At times, initially 1 minute and 20 seconds in to be precise, O seems to have no spatial intelligence and bumps into a couple. When we see from O’s blurred perspective, there is little but the expected reaction from the couple but when the couple see E – and in so doing see us, the moviegoer – there is a reaction of revulsion. In seeing E and us seeing them, they experience ‘…a kind of shared coenesthesia, in which I affectively (nauseously) participate in the Other’s nauseated self-tasting… [they] get a taste of the Other’s taste of himself’ as Steven Connor describes Sartre’s understanding of phenomenological encounterance with other contingent beings. The nothingness detailed in Chapter 2 is now present here in Film, in the body of the film, in us and between us and the screen.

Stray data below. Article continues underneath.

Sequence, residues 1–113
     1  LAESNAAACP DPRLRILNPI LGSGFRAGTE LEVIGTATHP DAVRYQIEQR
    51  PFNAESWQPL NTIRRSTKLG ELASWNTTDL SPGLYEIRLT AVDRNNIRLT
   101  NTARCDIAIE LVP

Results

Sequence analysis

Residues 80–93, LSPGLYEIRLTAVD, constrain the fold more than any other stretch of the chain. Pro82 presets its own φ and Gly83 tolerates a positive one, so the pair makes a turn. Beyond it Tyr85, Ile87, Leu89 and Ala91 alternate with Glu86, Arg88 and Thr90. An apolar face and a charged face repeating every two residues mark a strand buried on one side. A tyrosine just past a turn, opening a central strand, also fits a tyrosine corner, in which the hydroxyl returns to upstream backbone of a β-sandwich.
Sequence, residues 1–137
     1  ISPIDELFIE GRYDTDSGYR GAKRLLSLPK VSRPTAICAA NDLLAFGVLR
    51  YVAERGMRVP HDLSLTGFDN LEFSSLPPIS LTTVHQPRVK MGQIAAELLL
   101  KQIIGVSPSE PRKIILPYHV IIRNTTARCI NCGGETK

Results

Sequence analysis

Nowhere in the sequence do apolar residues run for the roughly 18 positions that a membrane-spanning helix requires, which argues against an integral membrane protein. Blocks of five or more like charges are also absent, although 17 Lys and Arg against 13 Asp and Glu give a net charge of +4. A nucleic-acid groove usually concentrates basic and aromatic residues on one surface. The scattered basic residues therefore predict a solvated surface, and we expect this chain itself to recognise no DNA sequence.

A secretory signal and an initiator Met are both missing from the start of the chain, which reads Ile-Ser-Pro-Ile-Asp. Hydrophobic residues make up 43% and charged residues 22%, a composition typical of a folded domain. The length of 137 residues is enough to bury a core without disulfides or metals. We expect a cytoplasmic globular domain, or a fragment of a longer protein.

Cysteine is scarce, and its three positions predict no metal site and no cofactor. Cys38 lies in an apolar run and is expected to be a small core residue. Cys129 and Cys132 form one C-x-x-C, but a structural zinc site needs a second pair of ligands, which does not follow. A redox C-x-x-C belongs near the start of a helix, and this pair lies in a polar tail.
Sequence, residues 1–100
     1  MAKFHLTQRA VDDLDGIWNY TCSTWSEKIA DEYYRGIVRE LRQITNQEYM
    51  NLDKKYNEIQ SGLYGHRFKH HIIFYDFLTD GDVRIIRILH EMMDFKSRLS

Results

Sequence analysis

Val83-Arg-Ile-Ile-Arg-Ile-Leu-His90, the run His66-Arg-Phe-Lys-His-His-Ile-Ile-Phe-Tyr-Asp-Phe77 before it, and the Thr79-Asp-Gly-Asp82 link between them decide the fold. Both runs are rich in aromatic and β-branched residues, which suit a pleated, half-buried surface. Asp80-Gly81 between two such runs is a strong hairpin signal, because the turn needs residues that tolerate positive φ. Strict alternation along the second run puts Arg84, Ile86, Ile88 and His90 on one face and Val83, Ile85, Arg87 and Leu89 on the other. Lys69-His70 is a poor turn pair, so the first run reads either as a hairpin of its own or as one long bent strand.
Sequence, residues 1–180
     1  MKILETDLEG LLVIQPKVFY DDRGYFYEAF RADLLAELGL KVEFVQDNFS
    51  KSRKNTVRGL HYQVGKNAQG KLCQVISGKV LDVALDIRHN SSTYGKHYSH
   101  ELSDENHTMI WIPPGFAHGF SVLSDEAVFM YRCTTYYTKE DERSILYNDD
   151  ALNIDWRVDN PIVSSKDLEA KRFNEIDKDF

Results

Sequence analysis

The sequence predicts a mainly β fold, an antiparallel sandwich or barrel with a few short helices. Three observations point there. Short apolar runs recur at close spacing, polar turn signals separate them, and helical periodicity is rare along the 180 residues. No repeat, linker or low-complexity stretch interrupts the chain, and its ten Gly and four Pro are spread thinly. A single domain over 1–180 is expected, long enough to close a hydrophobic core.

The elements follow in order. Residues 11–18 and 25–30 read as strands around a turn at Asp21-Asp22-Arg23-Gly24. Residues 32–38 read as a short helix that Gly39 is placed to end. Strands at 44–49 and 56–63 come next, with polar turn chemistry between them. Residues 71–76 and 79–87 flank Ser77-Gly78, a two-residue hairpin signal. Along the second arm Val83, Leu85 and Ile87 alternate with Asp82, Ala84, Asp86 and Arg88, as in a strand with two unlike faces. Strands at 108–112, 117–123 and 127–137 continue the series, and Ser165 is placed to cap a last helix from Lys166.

Once in the ‘maternal womb’ of the apartment, O feels less eyes on him and able to exist a little more freely – signified by his removal of the material covering his face. Once O has inspected the entirety of the apartment twice and removed all the eyes of the room, he falls asleep (at 14 minutes and 53 seconds) in a rocking chair; E then tries to move around to face O but (at 14 minutes and 59 seconds) O wakes up, sensing someone is trying to perceive him. O’s spatial intelligence kicks in even when asleep. Before that, he has measured up his surroundings and taken in the space in which he now exists – spatial intelligence is key to O when in the apartment, if not before. We too sense a heightened awareness of space in the apartment and especially as we are now given a different, far closer embodied-screen-space. When O is in the rocking chair, we see over his shoulder and when O has fallen asleep, the camera comes around his side as if we were side stepping around the chair. This encourages a thrownness, on our part, to get involved in the scene and sneak around the screen-space to see O; in large part, this has been encouraged throughout the film, not only by the camera’s placing and our haptic-philosophical approach but, by denying us access to O’s face. This distasteful encounter, though not entirely upsetting, does remind us of the nothingness present in being physically close to other contingent beings.